I’m right in the middle of that! To be honest, in my routine, the butt of the joke is me. I try to make it self deprecating and I don't really like making victims or that sort of thing. It's an interesting thing to try and analyse what you do and I've never really sat down and thought “I can't write that because it's not what I do.” You just do what comes naturally, and it never really becomes more complicated than that.

So how do you write material?
Well, I sit down and write an hour's worth of stuff and when we take that on tour it'll last longer. I began writing this show in February or March and going into little comedy clubs and trying it out, to see what worked and what I'd chuck. That works into ten or fifteen different routines and then I write them down and put them in order. It's been good really, starting from scratch. Generally when you're on the circuit stuff gets moved around and changed, but this has been brand new, from scratch.

Do you ever get a hostile audience?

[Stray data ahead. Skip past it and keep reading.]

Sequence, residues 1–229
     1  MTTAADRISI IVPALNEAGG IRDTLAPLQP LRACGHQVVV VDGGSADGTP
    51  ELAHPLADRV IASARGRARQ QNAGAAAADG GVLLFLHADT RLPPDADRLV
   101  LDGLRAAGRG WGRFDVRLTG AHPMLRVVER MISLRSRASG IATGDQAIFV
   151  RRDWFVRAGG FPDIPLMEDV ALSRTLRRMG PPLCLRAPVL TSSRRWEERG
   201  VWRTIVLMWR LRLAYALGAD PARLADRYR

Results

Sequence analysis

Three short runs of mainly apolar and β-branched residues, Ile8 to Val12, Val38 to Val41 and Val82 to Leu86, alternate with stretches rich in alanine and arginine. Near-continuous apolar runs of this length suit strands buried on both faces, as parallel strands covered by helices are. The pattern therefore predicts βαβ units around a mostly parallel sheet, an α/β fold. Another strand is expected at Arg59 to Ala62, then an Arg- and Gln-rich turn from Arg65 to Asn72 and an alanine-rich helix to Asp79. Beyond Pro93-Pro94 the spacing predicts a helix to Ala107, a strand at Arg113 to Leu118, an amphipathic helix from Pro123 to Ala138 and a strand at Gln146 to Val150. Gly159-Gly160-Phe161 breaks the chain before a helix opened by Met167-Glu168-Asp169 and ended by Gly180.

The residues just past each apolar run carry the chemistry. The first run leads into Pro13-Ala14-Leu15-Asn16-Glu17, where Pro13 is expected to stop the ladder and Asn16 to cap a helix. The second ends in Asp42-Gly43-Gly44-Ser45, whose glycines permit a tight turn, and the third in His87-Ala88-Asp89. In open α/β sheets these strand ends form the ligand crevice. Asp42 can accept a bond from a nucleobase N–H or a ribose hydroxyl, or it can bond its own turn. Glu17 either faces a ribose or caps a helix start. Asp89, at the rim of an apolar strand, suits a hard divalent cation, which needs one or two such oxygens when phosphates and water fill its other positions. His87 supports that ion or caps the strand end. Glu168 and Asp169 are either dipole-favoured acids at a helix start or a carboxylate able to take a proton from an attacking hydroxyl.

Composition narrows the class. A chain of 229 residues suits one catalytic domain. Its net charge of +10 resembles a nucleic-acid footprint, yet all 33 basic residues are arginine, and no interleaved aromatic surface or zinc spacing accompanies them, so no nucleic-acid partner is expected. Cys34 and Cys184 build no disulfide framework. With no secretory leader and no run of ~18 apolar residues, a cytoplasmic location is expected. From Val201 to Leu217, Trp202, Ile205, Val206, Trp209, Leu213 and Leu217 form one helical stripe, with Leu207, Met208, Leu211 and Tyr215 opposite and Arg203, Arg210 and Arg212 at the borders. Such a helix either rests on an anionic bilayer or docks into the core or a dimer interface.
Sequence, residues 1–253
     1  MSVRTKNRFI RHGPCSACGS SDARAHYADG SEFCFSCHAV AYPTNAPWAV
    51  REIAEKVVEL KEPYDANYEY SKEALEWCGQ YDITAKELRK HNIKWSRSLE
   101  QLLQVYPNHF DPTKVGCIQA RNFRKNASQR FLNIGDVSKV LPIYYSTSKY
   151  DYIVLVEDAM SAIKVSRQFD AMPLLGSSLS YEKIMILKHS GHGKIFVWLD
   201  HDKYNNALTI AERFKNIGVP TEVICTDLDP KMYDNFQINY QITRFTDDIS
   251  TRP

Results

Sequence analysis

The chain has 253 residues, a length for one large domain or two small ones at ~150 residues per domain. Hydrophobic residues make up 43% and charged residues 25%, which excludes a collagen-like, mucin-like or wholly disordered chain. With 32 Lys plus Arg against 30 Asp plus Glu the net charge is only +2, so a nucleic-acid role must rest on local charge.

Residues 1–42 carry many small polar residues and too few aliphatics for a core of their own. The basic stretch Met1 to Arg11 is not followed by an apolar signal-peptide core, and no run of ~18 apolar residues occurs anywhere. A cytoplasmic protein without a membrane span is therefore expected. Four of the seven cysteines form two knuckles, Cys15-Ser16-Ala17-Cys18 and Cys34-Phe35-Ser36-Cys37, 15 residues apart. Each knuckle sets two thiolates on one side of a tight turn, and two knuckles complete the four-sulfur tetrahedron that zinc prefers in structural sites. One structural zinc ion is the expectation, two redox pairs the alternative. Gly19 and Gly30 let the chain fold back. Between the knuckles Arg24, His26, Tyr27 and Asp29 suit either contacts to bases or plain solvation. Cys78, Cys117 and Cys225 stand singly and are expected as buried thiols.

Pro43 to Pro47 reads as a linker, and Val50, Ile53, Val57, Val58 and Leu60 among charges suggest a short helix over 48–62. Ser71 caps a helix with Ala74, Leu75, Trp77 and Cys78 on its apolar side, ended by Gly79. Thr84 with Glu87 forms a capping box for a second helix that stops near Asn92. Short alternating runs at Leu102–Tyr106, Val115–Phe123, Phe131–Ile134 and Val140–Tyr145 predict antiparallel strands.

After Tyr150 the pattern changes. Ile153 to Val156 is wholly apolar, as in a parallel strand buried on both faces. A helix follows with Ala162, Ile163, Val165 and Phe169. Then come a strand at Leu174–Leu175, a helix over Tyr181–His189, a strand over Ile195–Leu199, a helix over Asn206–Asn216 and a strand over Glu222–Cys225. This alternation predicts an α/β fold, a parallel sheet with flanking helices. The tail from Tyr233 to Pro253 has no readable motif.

Yeah sometimes, but that's the nature of the beast. Hostility isn't a problem, really, indifference is much worse. If people are indifferent you can't change them. If people are paying to come and see me, they usually won’t be like that! Hopefully it'll be an assembly of joy.

So where are you aiming for the future?
I've done a couple of bits of serious acting but not a lot. Because I’m doing the radio show, time constraints make it really difficult. If you want to be in a drama, you have to be available all week and I haven't got that sort of time to take off. It's perhaps something to do when I've finished radio, so who knows?

Is there a particular job that you'd ever give up doing radio for?
Well, I love doing radio, but who knows, it might not be a question of me giving up radio, but it giving me up.

So, to conclude, what's your favourite joke?
What's brown and sticky?

A stick?
Nah, dog poo.

Justin Moorhouse plays Just The Tonic at The Forum on Friday 29th and Saturday 30th April 2011.